Silence is against a Car Man’s nature—bullshit is—so we’re always trying to come up with magic closing words when words may not be necessary. Ever listen to the radio and all of a sudden no is speaking? That’s called “dead air” and it’s a basic broadcast “no-no”. I want you to think about what goes through your mind when you encounter dead air. Does it make you feel a little uncomfortable? What the hell is going on, you ask yourself? Do you switch to another station just to make sure there isn’t some national disaster going on? Well you can use that same tension to help you sell a car!

Just like you, customers don’t like silence either. It makes them feel uncomfortable. It makes them want to say something to fill the gap, but no one has taught them to fight the temptation to speak. So keep this in mind as we go through the subtleties of writing up a deal and closing it.

The simple rule is this: Once you are in the booth, if you ask a closing question, DO NOT say anything else until there is a response from your customer. An example: “My boss says the payments are going to be $450 per month. How is that?” You now SHUT UP AND WAIT! At that moment time slows down. Ten seconds feels like a minute; twenty seconds an eternity. You can feel the tension rise as you await an answer. More importantly, the customer feels it too. Maybe worse than you, because the question and an expect response is aimed at him!

Imagine yourself in this situation: Joe Carman is sitting across from you. He’s asked you to buy the car and now waits patiently for your reply, his smiling face looking into yours. The tension starts to build. You sit there and smile back at him. Do you say yes or no? After what seems like an hour your eyes begin to bulge, your palms begin to sweat. But Joe just sits and waits. He’s as patient as Buddha. Who will win? Who speaks first? You or him?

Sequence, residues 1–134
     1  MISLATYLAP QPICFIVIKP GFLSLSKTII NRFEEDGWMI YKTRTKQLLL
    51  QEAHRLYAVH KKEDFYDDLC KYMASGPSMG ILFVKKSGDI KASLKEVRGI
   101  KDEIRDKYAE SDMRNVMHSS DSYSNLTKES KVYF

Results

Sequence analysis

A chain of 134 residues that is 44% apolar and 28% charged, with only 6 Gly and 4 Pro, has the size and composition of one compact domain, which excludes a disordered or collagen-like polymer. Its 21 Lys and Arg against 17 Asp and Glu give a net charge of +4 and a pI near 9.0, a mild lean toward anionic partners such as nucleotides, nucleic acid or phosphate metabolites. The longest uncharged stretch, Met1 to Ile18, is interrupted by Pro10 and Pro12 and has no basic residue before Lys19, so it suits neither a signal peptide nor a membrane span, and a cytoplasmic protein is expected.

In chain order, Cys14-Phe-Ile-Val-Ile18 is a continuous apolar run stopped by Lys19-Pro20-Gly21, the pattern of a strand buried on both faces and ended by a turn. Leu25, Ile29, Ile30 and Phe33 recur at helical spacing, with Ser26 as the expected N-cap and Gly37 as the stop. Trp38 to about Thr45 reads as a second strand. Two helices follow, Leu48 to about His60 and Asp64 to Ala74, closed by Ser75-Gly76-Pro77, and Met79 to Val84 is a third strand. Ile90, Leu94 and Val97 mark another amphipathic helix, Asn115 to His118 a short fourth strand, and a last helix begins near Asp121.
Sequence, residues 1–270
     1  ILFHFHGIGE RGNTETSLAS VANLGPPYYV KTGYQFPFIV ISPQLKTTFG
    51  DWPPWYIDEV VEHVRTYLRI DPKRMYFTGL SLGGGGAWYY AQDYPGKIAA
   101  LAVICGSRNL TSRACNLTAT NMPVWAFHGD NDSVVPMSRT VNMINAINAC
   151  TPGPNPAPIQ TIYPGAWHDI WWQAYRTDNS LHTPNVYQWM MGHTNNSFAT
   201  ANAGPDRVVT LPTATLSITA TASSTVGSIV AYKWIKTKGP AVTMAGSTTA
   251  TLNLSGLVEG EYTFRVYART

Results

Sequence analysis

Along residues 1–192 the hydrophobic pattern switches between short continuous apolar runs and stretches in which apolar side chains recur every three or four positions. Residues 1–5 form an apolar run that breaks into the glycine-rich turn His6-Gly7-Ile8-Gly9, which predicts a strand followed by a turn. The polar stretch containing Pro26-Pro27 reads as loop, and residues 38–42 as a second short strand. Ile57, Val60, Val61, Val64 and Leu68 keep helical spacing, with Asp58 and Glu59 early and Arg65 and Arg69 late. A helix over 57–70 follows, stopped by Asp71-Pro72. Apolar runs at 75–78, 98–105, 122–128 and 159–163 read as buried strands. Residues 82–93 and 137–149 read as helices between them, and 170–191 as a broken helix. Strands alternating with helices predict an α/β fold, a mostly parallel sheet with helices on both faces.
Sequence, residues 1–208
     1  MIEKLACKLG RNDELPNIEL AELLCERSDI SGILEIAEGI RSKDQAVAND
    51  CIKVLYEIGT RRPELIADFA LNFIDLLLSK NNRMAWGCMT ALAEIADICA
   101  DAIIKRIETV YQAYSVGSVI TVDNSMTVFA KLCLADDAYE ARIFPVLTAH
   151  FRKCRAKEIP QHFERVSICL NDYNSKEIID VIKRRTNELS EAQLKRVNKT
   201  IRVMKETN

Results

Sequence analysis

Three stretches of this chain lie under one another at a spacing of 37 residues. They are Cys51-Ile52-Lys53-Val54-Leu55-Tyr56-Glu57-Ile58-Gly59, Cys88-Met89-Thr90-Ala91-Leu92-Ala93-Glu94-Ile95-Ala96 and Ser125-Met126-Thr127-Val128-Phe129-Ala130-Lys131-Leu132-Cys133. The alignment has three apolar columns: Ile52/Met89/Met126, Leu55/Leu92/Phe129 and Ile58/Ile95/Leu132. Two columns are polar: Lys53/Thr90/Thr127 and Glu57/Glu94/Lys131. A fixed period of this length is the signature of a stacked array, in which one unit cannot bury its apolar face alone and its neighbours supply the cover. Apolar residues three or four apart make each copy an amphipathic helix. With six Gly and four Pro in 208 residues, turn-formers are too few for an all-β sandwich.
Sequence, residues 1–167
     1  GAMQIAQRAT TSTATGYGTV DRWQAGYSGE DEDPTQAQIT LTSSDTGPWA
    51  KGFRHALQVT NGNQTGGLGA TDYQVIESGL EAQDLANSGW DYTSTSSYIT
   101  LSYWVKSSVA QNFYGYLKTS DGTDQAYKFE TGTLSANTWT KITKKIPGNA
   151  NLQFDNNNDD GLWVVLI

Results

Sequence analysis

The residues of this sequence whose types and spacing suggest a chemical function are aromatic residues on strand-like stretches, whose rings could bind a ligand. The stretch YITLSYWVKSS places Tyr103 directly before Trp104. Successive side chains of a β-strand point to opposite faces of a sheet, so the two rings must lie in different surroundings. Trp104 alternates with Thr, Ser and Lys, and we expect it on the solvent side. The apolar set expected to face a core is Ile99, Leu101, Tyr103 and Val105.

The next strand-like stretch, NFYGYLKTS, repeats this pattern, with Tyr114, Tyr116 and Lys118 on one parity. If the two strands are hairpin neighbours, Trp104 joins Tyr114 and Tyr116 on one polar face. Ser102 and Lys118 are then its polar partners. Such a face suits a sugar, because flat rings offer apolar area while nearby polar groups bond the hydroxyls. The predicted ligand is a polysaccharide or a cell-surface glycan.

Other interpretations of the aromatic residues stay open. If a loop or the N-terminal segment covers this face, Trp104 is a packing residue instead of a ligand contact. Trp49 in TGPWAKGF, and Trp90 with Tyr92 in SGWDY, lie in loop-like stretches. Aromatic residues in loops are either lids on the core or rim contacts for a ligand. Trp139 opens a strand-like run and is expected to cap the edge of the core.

This is the battlefield where many a car deal is made or lost. This is where the rubber really does meet the road. Many times the deal is lost because a lot of salesmen crack under the pressure. They can’t stand the silence either (who does?). They crack first and say something stupid and the moment is gone. They lose.

Ask yourself what’s the worst thing that can happen when you ask a closing question and shut up? The customer might finally say “No freaking way am I going to pay $450!” If he does, then you start would-you-taking him again until you get another commitment. But if you stand your ground and keep your trap shut sometimes, especially when it becomes obvious to your customer that you’re not going to back down first, he’ll say the magic word: “Yes.”

Bingo! You’ve got yourself a deal!

So remember, as we go along, the sound of silence. It should be music to your ears if you’ve got the testicular fortitude to do it right. Keep it in mind as we explore the inner workings of a successful write-up. Can you do it?

And at this point I will shut up and wait for your answer.


David

On The Lot With David Teves: The Phone Call

PHONE CALL: 6:10 PM:

“Good evening, Sledgeway Chevrolet. May I help you?"

“Let me talk to service.”

“Sorry, sir. The service department is closed for the evening."

“Closed, heh?”

“Yes.”

“I wish I had a job like that.”

“Me too.”

“So they’re closed. With hours like that you think I could get a job back there?”

“I don’t know, sir, you’d have to talk to service about that. This is the sales department.”

“Oh, so you’re one of those dealer scumbags, heh?”

WHAT I SHOULD HAVE SAID:

“Gee, sir. There’s no need to talk to me like that. You don’t even know me. I’m just a working stiff like you, just trying to make a living for my family. I know you’re stressed out about something, and I sure know where you’re coming from. My job is as stressful as they get. But remember, in this life men are all brothers. Now tell me, is there anything I can do for you that might help you out tonight?”

OR:

"That's MISTER Scumbag to you, Dude!"

WHAT I DID SAY:

“Hey, buddy? Fuck you!”

IRONIC REPLY:

“Fuck you too, you asshole!

(CLICK)

I’m the asshole?! I’m the freaking asshole?! How does he figure that?

Later that evening while driving home, I looked at myself in the review mirror and reflected on the situation.

Maybe I am an asshole.

Gettin' Certified

I’m getting’ certified. Soon I will become an official GM salesman, welcomed into the bosom of the reborn corporation like a long lost son. Soon I will be qualified to sell new Chevy cars and trucks with confidence and clarity like there’s no tomorrow. As a bonus, I’ll soon be eligible for any GM spiff money--as soon as the federal government gives them the okay.

I’m freaking excited!